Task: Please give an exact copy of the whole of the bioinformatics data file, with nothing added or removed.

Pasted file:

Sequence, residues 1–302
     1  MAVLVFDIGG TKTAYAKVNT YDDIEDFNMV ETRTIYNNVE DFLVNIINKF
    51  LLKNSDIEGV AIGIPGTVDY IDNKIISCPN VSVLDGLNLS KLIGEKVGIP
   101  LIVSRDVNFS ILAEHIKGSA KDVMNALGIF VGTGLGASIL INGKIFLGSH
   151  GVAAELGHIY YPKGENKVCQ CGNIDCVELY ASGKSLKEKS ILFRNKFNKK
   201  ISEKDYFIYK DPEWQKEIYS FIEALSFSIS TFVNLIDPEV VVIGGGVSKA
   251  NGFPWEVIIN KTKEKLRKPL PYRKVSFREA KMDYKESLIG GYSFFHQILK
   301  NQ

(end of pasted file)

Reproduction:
Sequence, residues 1–302
     1  MAVLVFDIGG TKTAYAKVNT YDDIEDFNMV ETRTIYNNVE DFLVNIINKF
    51  LLKNSDIEGV AIGIPGTVDY IDNKIISCPN VSVLDGLNLS KLIGEKVGIP
   101  LIVSRDVNFS ILAEHIKGSA KDVMNALGIF VGTGLGASIL INGKIFLGSH
   151  GVAAELGHIY YPKGENKVCQ CGNIDCVELY ASGKSLKEKS ILFRNKFNKK
   201  ISEKDYFIYK DPEWQKEIYS FIEALSFSIS TFVNLIDPEV VVIGGGVSKA
   251  NGFPWEVIIN KTKEKLRKPL PYRKVSFREA KMDYKESLIG GYSFFHQILK
   301  NQ